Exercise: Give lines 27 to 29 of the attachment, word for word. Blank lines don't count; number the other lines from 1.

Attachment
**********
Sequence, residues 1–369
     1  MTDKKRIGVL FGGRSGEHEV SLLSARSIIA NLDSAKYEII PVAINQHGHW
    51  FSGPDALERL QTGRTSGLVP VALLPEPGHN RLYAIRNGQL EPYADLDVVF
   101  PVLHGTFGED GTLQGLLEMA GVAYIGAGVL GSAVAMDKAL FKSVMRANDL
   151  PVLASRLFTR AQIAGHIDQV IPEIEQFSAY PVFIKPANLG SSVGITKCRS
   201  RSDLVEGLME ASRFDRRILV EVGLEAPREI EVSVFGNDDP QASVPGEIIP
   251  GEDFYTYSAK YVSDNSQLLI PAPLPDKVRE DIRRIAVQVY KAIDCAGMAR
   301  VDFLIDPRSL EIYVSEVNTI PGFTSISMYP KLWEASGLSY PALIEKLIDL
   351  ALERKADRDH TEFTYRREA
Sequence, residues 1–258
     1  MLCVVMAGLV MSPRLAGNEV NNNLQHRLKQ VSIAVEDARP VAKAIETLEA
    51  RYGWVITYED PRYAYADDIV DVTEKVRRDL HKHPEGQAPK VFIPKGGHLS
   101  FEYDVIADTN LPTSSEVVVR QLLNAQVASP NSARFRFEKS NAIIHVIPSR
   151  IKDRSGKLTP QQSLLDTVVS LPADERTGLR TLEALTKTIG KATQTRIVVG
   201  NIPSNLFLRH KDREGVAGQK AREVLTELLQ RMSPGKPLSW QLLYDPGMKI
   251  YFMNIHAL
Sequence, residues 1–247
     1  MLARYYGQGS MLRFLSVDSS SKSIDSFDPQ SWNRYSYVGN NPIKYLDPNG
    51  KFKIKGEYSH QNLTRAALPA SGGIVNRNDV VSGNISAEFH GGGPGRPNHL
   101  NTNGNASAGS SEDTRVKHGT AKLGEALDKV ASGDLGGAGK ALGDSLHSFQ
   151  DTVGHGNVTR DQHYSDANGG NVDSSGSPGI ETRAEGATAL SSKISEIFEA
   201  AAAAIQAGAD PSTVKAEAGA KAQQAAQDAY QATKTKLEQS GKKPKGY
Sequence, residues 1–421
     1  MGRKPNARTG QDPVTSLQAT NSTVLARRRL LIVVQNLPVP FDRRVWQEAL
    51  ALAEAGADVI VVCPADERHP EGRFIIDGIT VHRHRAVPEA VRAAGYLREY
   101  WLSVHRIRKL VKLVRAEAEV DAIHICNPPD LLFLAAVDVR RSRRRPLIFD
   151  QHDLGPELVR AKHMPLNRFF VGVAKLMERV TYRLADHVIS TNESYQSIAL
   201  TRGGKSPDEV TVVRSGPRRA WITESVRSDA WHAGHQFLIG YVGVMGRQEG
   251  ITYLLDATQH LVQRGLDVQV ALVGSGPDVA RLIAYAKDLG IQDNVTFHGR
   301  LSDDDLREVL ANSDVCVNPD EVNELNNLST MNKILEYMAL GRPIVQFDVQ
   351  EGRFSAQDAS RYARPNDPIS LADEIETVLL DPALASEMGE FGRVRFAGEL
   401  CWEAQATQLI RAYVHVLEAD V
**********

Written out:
   151  QHDLGPELVR AKHMPLNRFF VGVAKLMERV TYRLADHVIS TNESYQSIAL
   201  TRGGKSPDEV TVVRSGPRRA WITESVRSDA WHAGHQFLIG YVGVMGRQEG
   251  ITYLLDATQH LVQRGLDVQV ALVGSGPDVA RLIAYAKDLG IQDNVTFHGR